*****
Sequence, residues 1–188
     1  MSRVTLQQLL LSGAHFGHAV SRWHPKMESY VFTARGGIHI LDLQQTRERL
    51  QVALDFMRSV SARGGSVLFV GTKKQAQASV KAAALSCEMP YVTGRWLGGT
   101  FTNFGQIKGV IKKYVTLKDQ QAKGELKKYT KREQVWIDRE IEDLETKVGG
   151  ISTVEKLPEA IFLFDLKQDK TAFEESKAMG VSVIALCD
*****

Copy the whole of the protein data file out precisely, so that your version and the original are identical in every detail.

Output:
Sequence, residues 1–188
     1  MSRVTLQQLL LSGAHFGHAV SRWHPKMESY VFTARGGIHI LDLQQTRERL
    51  QVALDFMRSV SARGGSVLFV GTKKQAQASV KAAALSCEMP YVTGRWLGGT
   101  FTNFGQIKGV IKKYVTLKDQ QAKGELKKYT KREQVWIDRE IEDLETKVGG
   151  ISTVEKLPEA IFLFDLKQDK TAFEESKAMG VSVIALCD